- The Task of World History
- Theories of World History since the Enlightenment
- World Environmental History
- Nomadic pastoralism
- States, State Transformation, and War
- Religions and World History
- Technology, Engineering, and Science
- Advanced Agriculture
- Trade across Eurasia to about 1750
- Biological Exchanges in World History
- Cultural Exchanges in World History
- Pre-modern Empires
- Modern Imperialism
- East Asia and Central Eurasia
- South Asia and Southeast Asia
- The Middle East in World History
- Africa in World History: The Long, Long View
- Europe and Russia in World History
- Mediterranean History
- The Americas, 1450–2000
- The Atlantic Ocean Basin
- Oceania and Australasia
- The pacific Ocean Basin to 1850
Abstract and Keywords
Since ancient times, East Asia and Central Eurasia have been connected to the world. Nationalist histories, however, have focused on the internal ‘unity’ of each of the nation-states of East Asia — China, Korea, Japan, and Vietnam — while Central Eurasia has been fragmented into ‘Inner Asia’ (Mongolia, Tibet, Xinjiang, and Manchuria) and ‘Central Asia’ (former soviet Central Asia). These arbitrary divisions ignore similarities and interactions within Asia, and they no longer fit the post-1989 world. Globalization and nationalism have now developed together. Nevertheless, East Asia and Central Eurasia have a much longer history of cultural and economic interaction than of nationalist isolation. This article suggests way to study the global connections of East Asia and Central Eurasia. It considers state contacts, stat formation and expansion, and great divergences between nations.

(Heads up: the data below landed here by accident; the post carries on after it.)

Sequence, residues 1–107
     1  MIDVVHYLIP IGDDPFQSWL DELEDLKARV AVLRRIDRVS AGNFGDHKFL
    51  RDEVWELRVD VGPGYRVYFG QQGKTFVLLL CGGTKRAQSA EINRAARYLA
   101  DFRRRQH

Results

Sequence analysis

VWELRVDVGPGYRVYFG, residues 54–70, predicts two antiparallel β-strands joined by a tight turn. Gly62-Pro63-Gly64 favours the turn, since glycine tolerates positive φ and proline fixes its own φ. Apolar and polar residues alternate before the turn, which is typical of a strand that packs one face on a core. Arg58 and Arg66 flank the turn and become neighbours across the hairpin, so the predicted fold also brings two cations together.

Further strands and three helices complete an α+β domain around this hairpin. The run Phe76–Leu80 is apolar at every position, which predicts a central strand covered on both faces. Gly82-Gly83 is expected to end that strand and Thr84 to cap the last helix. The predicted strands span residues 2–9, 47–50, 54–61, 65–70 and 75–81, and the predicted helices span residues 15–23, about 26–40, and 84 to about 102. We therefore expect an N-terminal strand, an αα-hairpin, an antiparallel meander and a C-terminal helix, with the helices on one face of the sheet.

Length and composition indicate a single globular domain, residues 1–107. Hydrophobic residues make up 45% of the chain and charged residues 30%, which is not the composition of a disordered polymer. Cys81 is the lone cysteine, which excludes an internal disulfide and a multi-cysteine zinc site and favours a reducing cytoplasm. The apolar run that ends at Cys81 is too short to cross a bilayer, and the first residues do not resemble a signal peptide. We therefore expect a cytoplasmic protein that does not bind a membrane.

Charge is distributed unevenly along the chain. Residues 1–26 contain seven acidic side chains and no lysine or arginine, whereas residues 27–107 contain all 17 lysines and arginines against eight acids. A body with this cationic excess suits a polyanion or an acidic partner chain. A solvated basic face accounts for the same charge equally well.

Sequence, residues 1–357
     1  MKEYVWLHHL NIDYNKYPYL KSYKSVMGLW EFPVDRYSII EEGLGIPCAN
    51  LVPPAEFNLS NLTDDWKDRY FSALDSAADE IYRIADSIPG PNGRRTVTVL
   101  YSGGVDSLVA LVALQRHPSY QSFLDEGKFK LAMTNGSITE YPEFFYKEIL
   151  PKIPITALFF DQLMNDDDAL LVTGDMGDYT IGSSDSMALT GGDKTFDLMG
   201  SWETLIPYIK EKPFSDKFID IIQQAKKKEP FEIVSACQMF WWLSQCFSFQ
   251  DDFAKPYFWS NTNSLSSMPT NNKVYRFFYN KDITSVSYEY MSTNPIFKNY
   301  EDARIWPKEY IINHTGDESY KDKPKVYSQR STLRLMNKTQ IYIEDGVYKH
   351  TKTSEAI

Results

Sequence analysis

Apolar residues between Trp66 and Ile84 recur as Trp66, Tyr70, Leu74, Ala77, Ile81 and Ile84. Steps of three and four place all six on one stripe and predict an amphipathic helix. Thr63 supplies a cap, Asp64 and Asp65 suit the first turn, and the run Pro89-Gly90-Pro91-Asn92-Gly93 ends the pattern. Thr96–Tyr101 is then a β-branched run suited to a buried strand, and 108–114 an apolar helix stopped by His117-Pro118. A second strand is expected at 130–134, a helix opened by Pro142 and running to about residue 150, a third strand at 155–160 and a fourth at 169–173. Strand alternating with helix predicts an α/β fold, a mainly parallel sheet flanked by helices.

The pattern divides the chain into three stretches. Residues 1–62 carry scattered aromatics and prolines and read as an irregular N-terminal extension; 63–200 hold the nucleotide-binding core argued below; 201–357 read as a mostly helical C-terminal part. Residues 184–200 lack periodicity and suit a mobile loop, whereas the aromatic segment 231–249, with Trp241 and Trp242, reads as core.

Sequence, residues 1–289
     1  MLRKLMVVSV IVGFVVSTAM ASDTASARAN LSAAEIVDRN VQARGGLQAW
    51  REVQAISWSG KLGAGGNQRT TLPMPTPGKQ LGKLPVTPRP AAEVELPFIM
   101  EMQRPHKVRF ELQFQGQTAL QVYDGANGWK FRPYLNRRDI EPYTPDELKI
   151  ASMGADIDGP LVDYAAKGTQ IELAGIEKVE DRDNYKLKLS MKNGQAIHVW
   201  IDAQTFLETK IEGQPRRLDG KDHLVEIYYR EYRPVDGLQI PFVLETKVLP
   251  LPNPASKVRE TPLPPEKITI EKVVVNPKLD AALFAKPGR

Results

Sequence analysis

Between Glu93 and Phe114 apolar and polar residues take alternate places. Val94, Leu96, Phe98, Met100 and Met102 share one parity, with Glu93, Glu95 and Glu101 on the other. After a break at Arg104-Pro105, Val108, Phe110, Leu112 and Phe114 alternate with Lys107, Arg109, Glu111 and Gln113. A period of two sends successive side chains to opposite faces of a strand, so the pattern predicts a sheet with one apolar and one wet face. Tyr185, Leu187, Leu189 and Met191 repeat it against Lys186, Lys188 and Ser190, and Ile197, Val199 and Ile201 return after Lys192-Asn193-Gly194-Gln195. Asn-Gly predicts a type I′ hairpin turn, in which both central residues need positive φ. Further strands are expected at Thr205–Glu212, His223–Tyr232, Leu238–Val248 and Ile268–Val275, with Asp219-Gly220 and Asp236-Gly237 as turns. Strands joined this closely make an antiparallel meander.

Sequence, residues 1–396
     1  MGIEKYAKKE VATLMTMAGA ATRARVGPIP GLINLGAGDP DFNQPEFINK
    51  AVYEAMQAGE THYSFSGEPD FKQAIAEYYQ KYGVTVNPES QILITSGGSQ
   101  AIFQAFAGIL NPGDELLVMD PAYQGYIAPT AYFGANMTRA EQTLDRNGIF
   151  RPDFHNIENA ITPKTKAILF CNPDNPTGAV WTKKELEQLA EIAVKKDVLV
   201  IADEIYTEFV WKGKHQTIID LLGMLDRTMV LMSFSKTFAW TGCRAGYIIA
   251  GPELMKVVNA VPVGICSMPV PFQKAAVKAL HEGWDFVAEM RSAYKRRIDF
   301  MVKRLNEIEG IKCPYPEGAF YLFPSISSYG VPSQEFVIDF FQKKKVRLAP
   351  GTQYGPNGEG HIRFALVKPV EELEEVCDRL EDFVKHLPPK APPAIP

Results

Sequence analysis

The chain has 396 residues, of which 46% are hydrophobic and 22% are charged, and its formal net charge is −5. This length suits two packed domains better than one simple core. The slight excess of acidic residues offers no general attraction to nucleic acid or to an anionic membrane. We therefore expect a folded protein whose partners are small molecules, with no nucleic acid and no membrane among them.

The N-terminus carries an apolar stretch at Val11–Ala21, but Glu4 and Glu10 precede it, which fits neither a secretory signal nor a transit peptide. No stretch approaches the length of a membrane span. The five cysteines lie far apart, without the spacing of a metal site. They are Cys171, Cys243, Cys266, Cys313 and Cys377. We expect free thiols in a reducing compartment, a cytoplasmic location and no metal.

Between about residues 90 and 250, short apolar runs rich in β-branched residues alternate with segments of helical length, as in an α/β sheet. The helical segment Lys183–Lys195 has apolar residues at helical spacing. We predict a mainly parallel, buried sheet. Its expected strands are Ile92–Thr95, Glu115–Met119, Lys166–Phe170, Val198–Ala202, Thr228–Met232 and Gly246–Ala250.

Peter C. Perdue is Professor of History at Yale University.
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